Each day, Microsoft prevents billions of spam messages from landing in customer inboxes.
The software giant blocks 10 million such emails each minute on average, revealed the company's Exchange Online Protection (EOP) team in an Oct. 15 blog post. That adds up to more than 14 billion blocked messages per day.
Spam is more than a nuisance, according to Microsoft program managers Shobhit Sahay, Levon Esibov and Terry Zink. In their jointly authored post, they detailed the dangers of a particularly dangerous form of spam.
"Phishing campaigns … are looking to compromise the credentials of the company employees and take control of the resources of a company," explained the Microsoft staffers. "A popular type of phishing campaign is spear phishing, which targets the most valuable contacts within an organization."
To protect against phishing, and other email threats, Microsoft is bulking up its Exchange Online Protection product.
Launched 18 months ago, Exchange Online Protection guards against spam and malware at a cost of $1 per user per month. The service is bundled with Exchange Online and Office 365 plans that include a cloud-based email component.
The group provided a behind-the-scenes look at Exchange Online Protection's multilayered filtering approach to giving spam the boot.
First, a connection filtering technique blocks emails from low-reputation IP addresses. Next, emails are filtered according to sender reputation, the product of data from in-house and third-party sources. "Finally, EOP uses numerous filtering techniques to catch the leftover spam that you see in spam campaigns that involve more complex investigation," they wrote.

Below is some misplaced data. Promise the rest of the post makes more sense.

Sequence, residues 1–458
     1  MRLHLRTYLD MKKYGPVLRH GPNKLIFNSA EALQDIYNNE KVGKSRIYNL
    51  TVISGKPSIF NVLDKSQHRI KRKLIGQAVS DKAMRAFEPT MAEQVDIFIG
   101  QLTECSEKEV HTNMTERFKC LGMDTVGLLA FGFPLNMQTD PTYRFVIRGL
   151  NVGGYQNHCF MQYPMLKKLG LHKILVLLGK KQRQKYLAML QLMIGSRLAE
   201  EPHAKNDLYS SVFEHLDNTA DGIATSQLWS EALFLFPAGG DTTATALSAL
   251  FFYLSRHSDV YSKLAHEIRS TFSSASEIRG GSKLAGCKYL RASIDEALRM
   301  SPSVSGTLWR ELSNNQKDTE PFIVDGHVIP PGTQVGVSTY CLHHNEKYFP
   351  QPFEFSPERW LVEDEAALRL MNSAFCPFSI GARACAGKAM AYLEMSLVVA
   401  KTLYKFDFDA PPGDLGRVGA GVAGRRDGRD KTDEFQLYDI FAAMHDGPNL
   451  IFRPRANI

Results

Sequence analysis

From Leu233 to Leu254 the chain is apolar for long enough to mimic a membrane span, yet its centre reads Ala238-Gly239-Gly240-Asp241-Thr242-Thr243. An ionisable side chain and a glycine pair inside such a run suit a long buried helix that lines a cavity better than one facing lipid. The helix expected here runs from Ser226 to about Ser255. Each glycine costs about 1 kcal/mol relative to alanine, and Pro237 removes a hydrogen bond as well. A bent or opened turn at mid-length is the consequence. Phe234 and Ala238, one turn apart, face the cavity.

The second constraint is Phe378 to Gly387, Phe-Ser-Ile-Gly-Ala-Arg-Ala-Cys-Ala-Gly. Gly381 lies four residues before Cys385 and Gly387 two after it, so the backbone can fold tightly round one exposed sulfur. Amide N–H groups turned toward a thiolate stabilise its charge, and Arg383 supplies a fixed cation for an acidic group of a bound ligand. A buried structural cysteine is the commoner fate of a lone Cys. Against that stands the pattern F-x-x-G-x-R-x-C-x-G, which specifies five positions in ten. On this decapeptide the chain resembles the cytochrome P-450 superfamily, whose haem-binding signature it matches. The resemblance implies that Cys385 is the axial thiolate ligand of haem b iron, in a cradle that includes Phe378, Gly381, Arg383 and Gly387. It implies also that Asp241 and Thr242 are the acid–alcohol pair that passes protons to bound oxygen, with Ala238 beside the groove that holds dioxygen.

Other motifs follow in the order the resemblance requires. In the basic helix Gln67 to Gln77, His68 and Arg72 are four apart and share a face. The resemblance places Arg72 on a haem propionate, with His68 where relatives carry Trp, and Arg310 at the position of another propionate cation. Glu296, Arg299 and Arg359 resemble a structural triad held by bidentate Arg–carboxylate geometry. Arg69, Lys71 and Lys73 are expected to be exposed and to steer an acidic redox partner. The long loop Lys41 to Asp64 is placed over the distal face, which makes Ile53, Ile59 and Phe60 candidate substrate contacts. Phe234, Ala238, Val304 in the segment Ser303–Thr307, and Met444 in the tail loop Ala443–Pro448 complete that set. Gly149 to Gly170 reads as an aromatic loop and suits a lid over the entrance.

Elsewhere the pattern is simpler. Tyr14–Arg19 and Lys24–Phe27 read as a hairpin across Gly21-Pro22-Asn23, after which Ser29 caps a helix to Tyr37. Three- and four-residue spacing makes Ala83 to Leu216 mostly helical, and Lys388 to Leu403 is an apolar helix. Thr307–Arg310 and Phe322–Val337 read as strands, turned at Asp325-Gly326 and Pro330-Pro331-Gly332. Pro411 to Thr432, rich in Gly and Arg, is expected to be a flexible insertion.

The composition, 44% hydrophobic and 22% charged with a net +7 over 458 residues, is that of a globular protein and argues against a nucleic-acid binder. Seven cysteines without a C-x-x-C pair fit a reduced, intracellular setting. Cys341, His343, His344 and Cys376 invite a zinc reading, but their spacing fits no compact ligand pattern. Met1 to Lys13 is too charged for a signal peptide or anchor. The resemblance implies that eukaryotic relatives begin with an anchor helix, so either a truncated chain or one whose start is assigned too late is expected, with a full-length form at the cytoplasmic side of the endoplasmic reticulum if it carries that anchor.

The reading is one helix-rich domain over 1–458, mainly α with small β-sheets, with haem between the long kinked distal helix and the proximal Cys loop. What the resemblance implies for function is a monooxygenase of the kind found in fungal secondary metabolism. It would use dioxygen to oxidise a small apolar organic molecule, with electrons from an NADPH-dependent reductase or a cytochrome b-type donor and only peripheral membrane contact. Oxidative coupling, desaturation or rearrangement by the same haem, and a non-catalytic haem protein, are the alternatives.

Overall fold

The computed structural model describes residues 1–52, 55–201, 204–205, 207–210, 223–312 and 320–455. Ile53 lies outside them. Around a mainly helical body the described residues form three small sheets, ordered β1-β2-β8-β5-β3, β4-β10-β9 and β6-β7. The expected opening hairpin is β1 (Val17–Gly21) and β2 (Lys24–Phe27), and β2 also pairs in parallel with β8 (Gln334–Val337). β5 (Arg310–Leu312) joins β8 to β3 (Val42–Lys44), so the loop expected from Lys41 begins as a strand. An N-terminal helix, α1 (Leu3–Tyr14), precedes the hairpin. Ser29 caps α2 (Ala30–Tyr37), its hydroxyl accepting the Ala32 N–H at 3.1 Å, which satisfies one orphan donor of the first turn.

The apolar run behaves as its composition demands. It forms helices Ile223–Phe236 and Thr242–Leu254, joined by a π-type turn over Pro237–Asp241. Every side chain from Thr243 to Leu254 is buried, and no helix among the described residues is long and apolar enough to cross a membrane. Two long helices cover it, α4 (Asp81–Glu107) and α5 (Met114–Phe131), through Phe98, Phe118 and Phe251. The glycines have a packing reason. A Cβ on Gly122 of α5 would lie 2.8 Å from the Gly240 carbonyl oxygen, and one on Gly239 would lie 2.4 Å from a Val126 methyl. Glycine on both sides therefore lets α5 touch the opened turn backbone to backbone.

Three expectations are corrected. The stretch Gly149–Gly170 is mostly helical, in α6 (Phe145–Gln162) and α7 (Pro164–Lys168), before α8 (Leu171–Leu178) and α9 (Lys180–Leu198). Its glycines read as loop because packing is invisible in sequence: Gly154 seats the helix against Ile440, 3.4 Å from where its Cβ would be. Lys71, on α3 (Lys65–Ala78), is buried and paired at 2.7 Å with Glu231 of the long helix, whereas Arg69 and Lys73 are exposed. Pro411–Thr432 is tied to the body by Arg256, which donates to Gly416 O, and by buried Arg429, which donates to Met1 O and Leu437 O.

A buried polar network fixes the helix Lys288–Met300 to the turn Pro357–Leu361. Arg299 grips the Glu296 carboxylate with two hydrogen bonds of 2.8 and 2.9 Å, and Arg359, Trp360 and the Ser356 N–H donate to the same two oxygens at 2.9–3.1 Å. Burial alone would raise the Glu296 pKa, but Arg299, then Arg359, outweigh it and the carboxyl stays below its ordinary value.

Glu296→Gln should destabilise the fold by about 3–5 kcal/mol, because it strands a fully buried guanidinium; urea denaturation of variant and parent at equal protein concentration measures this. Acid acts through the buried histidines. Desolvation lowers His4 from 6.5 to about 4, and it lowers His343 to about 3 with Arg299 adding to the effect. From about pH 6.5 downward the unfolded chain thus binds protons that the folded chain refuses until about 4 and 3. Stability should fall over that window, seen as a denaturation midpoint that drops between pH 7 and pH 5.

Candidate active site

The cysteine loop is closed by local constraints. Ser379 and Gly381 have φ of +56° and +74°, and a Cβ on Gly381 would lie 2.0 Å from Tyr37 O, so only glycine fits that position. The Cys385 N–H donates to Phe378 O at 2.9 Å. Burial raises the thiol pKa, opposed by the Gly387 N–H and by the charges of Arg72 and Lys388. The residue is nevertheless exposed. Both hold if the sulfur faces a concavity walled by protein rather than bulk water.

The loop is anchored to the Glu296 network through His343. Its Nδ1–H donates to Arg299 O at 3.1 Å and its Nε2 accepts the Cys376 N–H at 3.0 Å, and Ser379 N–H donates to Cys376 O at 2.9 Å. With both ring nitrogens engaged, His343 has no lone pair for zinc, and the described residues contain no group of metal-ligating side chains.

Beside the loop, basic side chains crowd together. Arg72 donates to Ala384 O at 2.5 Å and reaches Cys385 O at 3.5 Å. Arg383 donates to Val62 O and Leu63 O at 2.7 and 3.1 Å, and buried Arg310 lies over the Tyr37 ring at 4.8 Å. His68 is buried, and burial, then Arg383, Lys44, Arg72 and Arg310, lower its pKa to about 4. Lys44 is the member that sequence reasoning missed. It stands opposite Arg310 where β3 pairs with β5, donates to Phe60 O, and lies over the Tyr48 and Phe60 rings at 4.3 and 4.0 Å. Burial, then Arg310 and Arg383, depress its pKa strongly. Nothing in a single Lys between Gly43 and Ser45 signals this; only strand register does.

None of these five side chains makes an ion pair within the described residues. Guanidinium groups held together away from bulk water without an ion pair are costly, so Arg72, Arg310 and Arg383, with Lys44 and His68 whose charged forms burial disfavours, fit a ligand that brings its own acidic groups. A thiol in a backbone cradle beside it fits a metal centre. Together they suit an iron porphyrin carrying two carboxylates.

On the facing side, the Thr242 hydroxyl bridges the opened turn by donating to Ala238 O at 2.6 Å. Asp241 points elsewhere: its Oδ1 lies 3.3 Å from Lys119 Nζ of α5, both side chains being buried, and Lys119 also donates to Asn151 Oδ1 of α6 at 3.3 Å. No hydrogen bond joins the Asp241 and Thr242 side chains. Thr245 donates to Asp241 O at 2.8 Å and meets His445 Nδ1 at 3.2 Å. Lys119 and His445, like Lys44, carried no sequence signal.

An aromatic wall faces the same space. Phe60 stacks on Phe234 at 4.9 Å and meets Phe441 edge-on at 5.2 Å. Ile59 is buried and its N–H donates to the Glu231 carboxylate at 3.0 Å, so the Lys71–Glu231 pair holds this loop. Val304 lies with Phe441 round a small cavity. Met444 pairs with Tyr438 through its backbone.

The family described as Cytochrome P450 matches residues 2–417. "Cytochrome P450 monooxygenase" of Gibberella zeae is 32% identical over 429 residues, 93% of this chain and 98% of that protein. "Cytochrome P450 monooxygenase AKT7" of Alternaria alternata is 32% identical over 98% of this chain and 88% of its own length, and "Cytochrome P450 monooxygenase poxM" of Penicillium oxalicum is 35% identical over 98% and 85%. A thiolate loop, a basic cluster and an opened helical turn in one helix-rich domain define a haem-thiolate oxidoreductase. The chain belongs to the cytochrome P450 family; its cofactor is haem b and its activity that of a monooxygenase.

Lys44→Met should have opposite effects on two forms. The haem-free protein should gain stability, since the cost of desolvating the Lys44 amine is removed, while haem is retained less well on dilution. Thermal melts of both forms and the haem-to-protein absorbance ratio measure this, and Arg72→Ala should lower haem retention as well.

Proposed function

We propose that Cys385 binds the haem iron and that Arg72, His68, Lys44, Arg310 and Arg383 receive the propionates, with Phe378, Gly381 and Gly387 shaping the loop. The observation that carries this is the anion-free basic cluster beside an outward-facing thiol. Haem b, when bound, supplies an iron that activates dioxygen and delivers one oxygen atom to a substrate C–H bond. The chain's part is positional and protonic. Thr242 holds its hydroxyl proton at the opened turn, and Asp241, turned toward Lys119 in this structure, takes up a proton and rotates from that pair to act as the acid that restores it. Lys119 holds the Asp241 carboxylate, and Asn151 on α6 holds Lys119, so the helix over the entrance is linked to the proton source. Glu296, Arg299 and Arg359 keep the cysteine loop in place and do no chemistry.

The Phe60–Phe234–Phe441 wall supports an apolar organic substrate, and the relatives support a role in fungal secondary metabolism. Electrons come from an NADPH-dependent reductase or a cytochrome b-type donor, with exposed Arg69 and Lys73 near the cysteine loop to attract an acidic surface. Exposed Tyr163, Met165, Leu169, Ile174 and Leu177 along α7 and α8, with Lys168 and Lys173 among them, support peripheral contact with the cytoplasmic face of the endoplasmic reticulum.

Exchange Online Protection "also provides comprehensive malware and virus filtering, using three different industry-leading anti-virus (AV) engines," they revealed.
And their work isn't over. Microsoft is "making the largest investments ever in advancing threat protection in Exchange Online Protection," said Sahay, Esibov and Zink. "EOP is the Microsoft long-term solution to protect not only mailboxes in Office 365, but also tens of millions of mailboxes on premise mail servers of our customers."
Over the next six to 12 months, Microsoft plans to release a bevy of new features and capabilities, all aimed at staying one step ahead of quick-to-adapt spammers. According to the group, the Exchange Online Protection roadmap includes advanced threat protection from, for example, emerging "Time of Click" and zero-day threats.
Microsoft is implementing DomainKeys Identified Mail (DKIM) and Domain-based Message Authentication, Reporting & Conformance (DMARC) sender authentication technologies. Plans also call for better protection against bulk mail (graymail), or unwanted advertising emails that clog up inboxes.
Like Microsoft's global cloud data center footprint, Exchange Online Protection is slated to get bigger in the coming month. The team said their company is preparing for an "expansion of EOP datacenters across different regions, further substantiating our promise of processing mail in the region of our customers."